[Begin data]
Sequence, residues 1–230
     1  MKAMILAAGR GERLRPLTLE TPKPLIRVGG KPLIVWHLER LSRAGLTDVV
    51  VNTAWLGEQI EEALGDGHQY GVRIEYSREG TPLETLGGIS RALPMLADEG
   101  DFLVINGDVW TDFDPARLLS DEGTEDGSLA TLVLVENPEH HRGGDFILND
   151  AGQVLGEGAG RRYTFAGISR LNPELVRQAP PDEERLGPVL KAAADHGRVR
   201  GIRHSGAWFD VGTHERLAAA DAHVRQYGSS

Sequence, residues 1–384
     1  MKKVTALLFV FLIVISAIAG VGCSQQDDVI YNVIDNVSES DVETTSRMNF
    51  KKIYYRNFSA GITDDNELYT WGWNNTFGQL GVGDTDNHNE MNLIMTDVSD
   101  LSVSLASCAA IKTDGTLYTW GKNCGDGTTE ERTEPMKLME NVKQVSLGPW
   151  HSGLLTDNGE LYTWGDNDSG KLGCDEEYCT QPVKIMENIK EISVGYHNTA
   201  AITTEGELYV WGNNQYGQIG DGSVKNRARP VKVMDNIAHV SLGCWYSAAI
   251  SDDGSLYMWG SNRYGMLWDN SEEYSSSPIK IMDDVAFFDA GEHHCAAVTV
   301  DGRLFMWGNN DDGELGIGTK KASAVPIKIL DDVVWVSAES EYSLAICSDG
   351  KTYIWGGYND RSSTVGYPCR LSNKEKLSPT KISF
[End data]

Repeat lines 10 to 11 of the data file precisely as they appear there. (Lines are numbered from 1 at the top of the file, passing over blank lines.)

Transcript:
   101  LSVSLASCAA IKTDGTLYTW GKNCGDGTTE ERTEPMKLME NVKQVSLGPW
   151  HSGLLTDNGE LYTWGDNDSG KLGCDEEYCT QPVKIMENIK EISVGYHNTA